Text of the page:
We travel to Frankfurt with Jamie and Daniel on Friday morning, just in time for the PRO briefing. After that we eat a big pasta portion, as part of our carbo-loading that follows the carbo-depletion on the beginning of the week. I am somewhat less nervous than before my first experience in Frankfurt in 2017, but still looking forward to the starting gun. The temperature feels ok, but that is because Friday is a good 10 degrees colder than the forecast for race day. We get our bags and bib numbers at the expo, I buy a very thin full cap (I typically prefer visors but plan to put ice below it this time). There’s a lot of ‘do you want to chat with our PRO?’ kinda stand, to which I am always tempted to reply ‘yeah but do they want to chat with me?’. Gold bracelet means a few funny looks from age groupers that are trying to figure out how the PROs do it. As Sarah True was saying, ‘we’re just winging it with a bit more confidence, because for a PRO DNF is an option’ … And I thought not for me.

A laughably large amount of food.

Then with the full support crew present we get a ridiculously large dinner (the kind that would make Lionel Sanders proud), and one last long night of sleep. On Saturday after an easy morning we bring our bags to T2 at Mainkai, bike the first portion of the course backwards towards T1 at Langner Waldsee and drop the gear off there as well. A quick one kilometer swim by 25 degrees water and 35 degrees air temperature. I am ready, as much as I could be. But the mercury supposedly rising a bit more on the following day is a bit frightening. Feet are hurting on the warm sand. Even the shade is sweating hot. Time to go back to the hotel.


On race day, after a quick shuttle ride, the official water temperature is announced at 25.2 C. No wetsuit allowed, as anticipated. We arrange a pump to get the tires ready, fix the last nutrition on the bike, check the gear bag, and soon move towards the start line. After getting the swimskin on and a short warm up, it’s time to get to the line. My plan was to probably let Frodo/Lange get away, and stay with hopefully a fast second group with Kienle. I get on the first line, and wait for the gun. The public is already on fire, almost closing off the way into the lake, until an official pushes them around. People on the sand, in the water, on boats, everywhere. I love Frankfurt.

As soon as the gun goes the PRO race is underway at an incredible pace. Competitors passing me on the run into the water, and an unbearable speed for 200 m to the first buoy (going straight). One pair of feet could be ok, but slightly too fast, and the next guys on my right seem more at my tempo. It’s still mostly straight out without looking much, we’ll settle and adjust on the way back. As we turn though, I realize that I have only one person next to me, and I’m almost left to set the pace. Not a good sign. Or maybe just swimming fast? It’s so hard to tell, the sun is blinding us. All the way back of this first 1500 m loop is against the rising sun, with no way to see where I am going. I end up in the shade once (strange!), look up, and realize a buoy is literally a meter in front of me. Oops, go around… Positive sign is I should still be on the straight track.

I then lead a large group towards the australian exit, hopefully the second. Swimming straight out until I can stand, because it’s impossible to find that arch, and no kayak is waiting for us (I knew I should be able swim in the first pack). Out, and back in, I notice I lost my right contact lens, but one is just as good as two no worries. An athlete swims a slightly bit faster on the right, so I get on his feet. The first group seems far away already, not very reassuring. Impossible to really say where I stand. From there on he gets lost, and I push the pace of my pack with many hands rubbing my feet. Stupid guys, couldn’t you swim fast in front of me instead?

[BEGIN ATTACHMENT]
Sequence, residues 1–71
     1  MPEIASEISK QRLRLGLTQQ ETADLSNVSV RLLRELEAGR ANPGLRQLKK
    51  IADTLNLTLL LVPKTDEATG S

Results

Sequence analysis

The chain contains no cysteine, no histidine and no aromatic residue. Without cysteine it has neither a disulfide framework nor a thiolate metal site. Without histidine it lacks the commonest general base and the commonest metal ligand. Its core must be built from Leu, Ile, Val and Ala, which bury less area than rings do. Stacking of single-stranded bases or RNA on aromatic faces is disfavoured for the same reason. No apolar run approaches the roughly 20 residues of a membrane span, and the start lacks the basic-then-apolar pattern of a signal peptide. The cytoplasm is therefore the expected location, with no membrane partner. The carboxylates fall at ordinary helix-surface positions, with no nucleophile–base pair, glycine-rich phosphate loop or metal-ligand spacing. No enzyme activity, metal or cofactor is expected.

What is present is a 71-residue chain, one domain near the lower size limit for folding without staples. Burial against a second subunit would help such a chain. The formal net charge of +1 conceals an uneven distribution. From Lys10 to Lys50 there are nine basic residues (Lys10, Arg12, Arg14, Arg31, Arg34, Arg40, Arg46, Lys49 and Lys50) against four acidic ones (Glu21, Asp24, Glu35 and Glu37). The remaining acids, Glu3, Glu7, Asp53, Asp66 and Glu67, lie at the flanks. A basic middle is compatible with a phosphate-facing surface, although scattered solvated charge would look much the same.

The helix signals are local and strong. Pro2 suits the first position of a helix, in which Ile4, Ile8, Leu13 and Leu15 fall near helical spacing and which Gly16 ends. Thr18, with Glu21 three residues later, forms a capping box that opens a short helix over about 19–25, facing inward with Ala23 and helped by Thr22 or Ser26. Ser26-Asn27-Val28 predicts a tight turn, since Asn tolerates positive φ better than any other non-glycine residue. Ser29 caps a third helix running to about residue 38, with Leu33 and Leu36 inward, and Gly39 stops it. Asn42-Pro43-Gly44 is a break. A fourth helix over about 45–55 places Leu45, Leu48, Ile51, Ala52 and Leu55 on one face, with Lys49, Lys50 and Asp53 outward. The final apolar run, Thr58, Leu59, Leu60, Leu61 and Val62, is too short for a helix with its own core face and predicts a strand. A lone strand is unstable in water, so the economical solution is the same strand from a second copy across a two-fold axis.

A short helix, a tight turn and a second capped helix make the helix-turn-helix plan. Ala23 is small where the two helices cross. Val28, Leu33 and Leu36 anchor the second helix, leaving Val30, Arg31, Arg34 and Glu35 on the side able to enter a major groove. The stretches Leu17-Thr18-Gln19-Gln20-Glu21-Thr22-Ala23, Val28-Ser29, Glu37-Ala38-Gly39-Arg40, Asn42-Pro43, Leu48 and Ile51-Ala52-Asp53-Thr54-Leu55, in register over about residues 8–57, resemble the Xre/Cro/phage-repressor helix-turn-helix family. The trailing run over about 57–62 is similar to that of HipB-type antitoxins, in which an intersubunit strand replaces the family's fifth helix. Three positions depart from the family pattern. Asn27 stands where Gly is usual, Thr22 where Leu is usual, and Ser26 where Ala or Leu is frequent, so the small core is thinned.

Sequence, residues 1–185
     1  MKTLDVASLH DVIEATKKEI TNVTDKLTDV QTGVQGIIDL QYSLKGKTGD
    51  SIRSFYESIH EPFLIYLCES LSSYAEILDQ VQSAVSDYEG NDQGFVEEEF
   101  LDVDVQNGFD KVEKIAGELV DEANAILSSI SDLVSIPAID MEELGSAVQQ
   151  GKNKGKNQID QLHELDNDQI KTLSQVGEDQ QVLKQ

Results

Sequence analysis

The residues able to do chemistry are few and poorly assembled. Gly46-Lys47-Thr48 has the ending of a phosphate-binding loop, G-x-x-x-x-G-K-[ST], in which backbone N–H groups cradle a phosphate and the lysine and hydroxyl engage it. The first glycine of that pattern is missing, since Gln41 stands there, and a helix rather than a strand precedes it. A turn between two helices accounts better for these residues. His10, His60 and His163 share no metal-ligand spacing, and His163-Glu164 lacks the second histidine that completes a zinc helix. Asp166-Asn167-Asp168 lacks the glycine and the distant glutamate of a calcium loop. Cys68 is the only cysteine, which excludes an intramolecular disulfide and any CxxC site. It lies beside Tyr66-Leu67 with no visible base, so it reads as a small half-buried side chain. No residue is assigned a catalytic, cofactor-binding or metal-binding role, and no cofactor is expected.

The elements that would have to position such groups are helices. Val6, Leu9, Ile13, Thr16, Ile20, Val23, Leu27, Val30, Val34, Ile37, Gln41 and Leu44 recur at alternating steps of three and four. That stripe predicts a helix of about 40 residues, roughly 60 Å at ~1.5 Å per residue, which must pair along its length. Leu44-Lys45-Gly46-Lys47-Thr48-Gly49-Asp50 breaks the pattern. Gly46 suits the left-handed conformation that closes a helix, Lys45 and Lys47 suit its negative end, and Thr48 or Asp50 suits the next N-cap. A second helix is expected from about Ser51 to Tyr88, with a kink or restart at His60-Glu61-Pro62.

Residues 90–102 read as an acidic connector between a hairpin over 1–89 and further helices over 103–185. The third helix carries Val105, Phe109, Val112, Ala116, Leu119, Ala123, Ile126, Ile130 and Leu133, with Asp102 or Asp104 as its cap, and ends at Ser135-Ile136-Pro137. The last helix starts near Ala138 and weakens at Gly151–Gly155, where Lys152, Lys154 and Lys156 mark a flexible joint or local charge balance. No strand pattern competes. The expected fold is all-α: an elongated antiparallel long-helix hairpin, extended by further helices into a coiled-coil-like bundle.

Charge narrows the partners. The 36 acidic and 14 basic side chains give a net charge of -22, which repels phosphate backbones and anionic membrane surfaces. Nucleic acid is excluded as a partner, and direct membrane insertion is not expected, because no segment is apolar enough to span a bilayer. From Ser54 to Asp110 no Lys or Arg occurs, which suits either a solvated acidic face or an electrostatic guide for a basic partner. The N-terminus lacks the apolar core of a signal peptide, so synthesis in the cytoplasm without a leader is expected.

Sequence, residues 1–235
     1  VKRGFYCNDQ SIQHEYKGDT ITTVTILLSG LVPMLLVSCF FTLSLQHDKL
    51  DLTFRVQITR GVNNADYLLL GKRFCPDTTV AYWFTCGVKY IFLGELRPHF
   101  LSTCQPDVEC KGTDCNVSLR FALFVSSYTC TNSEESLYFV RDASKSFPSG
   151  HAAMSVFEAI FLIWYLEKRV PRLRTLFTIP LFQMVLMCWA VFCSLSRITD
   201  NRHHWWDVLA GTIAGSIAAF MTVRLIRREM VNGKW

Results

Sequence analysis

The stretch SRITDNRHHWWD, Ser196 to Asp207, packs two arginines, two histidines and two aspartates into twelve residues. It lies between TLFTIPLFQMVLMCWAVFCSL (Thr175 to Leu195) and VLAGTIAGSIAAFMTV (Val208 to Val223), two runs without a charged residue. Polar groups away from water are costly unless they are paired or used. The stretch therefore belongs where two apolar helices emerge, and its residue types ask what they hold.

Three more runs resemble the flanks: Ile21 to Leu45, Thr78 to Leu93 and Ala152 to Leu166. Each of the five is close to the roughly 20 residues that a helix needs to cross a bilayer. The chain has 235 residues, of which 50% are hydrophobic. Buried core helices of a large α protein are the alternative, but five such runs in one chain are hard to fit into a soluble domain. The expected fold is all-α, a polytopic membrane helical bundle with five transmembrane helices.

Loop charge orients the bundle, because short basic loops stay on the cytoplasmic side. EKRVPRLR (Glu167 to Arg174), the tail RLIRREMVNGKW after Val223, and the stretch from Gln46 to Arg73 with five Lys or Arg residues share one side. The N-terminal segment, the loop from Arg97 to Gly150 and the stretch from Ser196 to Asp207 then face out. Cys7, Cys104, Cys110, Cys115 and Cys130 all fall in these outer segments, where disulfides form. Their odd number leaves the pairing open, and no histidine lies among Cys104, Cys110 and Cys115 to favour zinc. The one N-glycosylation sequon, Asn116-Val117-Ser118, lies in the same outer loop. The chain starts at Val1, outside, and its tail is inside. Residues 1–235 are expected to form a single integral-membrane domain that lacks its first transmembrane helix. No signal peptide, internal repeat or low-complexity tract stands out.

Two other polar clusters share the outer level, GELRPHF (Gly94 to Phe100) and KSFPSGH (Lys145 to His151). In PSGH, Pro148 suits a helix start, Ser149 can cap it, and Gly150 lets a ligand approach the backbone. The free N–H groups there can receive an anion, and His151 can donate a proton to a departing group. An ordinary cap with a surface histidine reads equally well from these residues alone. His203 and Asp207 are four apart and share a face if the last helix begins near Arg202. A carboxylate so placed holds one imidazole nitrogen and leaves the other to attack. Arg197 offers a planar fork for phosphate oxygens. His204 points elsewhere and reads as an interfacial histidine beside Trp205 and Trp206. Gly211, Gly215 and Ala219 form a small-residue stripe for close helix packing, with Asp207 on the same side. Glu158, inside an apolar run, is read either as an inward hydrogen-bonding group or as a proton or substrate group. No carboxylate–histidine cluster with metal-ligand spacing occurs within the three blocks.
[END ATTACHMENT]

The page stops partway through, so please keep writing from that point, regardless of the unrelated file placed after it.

Start of the second lap after the australian exit.

Another color of cap in the water, could it be a woman catching me up already? No, there’s a beard. We’re on the final stretch and getting ready to get out of the lake, as the sun climbs up continuously. On the sand, quick look at the clock which says 54 min something. Was hoping for a 52, but I might have started it a bit early. Nah a little slow, but whatever, the Ironman is still long to complain about 1-2 minutes. In T1 Kienle is long gone however, turns out there was no break in the first pack (except for two individuals including Frodeno), not the best race tactic for me. I really should be swimming faster. On the positive side the women are close to exiting the water only after I take my bike, Imo and Sarah didn’t make up much more than 2-3 min on my time.


Onto the bike it is. As we reach the semi-highway leading back towards the city center, many of the people who swam with me pass me and form a small group. I push 280 W but see the gap forming. The quads are hurting a bit already, not super good. I thus decide to settle down to a more reasonable 250-260 W. Before reaching Frankfurt I loose visual contact already, and eat my first gel. The pace is ok, the road smooth and fast, the spectators encouraging. But boy I never felt that alone. About 30 km without seeing anyone. Just me, and a large empty road. From the first aid station it’s always water on me, iso in the front bottle, and more water on me if I manage to be fast enough. The pavé section is much more rough than I remembered, but nothing moves. I lost one bar before that already, that was the extra one. But let’s keep it in mind in case I need to pick up a gel somewhere.